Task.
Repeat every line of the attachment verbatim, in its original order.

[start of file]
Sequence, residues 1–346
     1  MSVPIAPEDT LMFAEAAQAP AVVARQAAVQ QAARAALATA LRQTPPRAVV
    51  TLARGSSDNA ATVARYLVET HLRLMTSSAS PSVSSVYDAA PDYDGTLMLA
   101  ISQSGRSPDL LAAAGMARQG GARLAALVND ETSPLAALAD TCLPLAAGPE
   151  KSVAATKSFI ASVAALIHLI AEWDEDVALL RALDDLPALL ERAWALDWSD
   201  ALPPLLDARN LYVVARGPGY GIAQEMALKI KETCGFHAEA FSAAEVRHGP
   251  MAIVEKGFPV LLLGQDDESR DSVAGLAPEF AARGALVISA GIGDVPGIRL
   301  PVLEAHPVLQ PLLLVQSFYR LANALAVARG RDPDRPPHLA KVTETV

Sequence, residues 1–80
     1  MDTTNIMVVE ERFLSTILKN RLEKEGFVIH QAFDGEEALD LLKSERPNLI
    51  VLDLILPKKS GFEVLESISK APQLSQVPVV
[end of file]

Sequence, residues 1–346
     1  MSVPIAPEDT LMFAEAAQAP AVVARQAAVQ QAARAALATA LRQTPPRAVV
    51  TLARGSSDNA ATVARYLVET HLRLMTSSAS PSVSSVYDAA PDYDGTLMLA
   101  ISQSGRSPDL LAAAGMARQG GARLAALVND ETSPLAALAD TCLPLAAGPE
   151  KSVAATKSFI ASVAALIHLI AEWDEDVALL RALDDLPALL ERAWALDWSD
   201  ALPPLLDARN LYVVARGPGY GIAQEMALKI KETCGFHAEA FSAAEVRHGP
   251  MAIVEKGFPV LLLGQDDESR DSVAGLAPEF AARGALVISA GIGDVPGIRL
   301  PVLEAHPVLQ PLLLVQSFYR LANALAVARG RDPDRPPHLA KVTETV

Sequence, residues 1–80
     1  MDTTNIMVVE ERFLSTILKN RLEKEGFVIH QAFDGEEALD LLKSERPNLI
    51  VLDLILPKKS GFEVLESISK APQLSQVPVV